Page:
Earlier this month, Japan’s defense chief paid a visit to Vietnam. While the interaction was just one of several scheduled engagements between the two sides, it nonetheless spotlighted some of the ongoing activity in the naval aspect of their defense relationship.
As I have observed previously in these pages, Japan and Vietnam have been developing the defense component of their wider extensive strategic partnership over the past few years, with Vietnam looking to strengthen ties with a range of powers as part of its omnidirectional foreign policy and Japan seeking to boost relations with Southeast Asian countries, including in the defense domain.
This has included the maritime domain as well. Recent gains have included not just headline items such as periodic maritime security assistance tied to China’s assertiveness in the East China Sea and the South China Sea, but also new naval drills, an agreement on coast guard cooperation, and discussions on more defense equipment transfers, some of which have been folded into broader documents such as the Joint Vision Statement on Defense Cooperation signed by the two defense ministries in April 2018.
Earlier this month, the defense aspect of the relationship was in the headlines again with the visit of a top Japanese defense official to Vietnam. Koji Yamazaki, the chief of the joint staff of the Japan Self-Defense Forces, was on an official visit to Vietnam from March 1 to March 4 at the invitation of the chief of the general staff of the Vietnam People’s Army.
Yamazaki’s visit consisted of a series of interactions. He and his delegation met with a series of Vietnamese officials including Ngo Xuan Lich, the defense minister, as well as Phan Van Giang, the chief of the general staff of the VPA and the deputy minister of national defense. He also had visits to the 249 Brigade under the High Command of Combat Engineers and the 147 Brigade under the Naval Command.
Per the official account of the interaction by Vietnam’s defense ministry, during the meeting between Giang and Yamazaki, which occurred on March 2 at the headquarters of Vietnam’s defense ministry, the two sides took stock of the momentum in the defense aspect of the extensive strategic partnership between them as well as the cooperation between the VPA and the JSDF. They also agreed to continue collaboration in various areas, including training, IT, disaster mitigation, humanitarian relief, U.N. peacekeeping operations, military medicine and the defense industry, and support for each other at multilateral forums.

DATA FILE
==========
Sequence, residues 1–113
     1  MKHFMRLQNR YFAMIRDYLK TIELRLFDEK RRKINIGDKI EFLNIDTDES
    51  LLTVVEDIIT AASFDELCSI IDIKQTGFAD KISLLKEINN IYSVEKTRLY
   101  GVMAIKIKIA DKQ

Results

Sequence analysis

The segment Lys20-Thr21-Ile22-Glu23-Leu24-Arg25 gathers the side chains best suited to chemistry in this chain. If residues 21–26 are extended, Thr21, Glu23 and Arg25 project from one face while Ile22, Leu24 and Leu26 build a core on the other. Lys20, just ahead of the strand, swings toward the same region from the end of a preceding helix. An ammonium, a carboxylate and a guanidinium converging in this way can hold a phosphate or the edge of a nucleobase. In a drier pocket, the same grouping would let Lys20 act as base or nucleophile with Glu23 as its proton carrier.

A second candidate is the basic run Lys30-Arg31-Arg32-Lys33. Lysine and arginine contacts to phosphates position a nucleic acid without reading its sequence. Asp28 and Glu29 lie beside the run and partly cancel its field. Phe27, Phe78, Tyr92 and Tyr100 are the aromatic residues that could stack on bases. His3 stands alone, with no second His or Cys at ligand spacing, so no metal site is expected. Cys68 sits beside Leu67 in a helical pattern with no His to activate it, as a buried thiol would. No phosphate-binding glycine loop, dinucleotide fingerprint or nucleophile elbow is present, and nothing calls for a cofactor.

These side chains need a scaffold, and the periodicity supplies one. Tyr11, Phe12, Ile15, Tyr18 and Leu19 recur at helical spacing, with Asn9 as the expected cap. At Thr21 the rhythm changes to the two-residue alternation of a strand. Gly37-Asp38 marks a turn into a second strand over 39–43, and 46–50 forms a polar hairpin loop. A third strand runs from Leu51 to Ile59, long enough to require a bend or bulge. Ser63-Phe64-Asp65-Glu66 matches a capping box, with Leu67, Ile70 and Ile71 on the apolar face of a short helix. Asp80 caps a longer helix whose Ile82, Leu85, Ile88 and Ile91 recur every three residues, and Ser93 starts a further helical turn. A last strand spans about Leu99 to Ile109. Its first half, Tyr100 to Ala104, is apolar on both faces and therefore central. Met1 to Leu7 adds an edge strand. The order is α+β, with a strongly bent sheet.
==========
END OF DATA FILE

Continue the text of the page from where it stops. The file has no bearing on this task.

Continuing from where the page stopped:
In terms of newer areas of cooperation, shipbuilding was a focus of media reports that followed the interaction. Vietnamese media outlets noted that Japan had agreed to provide Vietnam technologies for building military ships, among other areas of agreement including more visits by Japanese ships and aircraft and training in areas including diving, medical, and rescue equipment to the Vietnamese navy.
Defense outlet IHS Jane’s noted that the collaboration came in the form of a new agreement on naval shipbuilding that constitutes an extension of the defense pact inked in 2018 to “implement a cooperation project in the field of shipbuilding [and] technology transfers in military shipbuilding.” It added that the new agreement facilitates Japanese support to Vietnam in “defense industrial technical training” and sharing defense industry “expertise and experiences” as well as other areas including Tokyo providing scholarships for Vietnamese students in military engineering and high technologies; joint training activities between the two countries’ military-technical academies; and language courses for each side’s technicians and engineers.
Unsurprisingly, not much in the way of specifics was disclosed by either side. Nonetheless, as headline-grabbing developments continue take place in the coming months, this aspect of their defense cooperation will be important to watch in the future amid wider domestic and regional developments.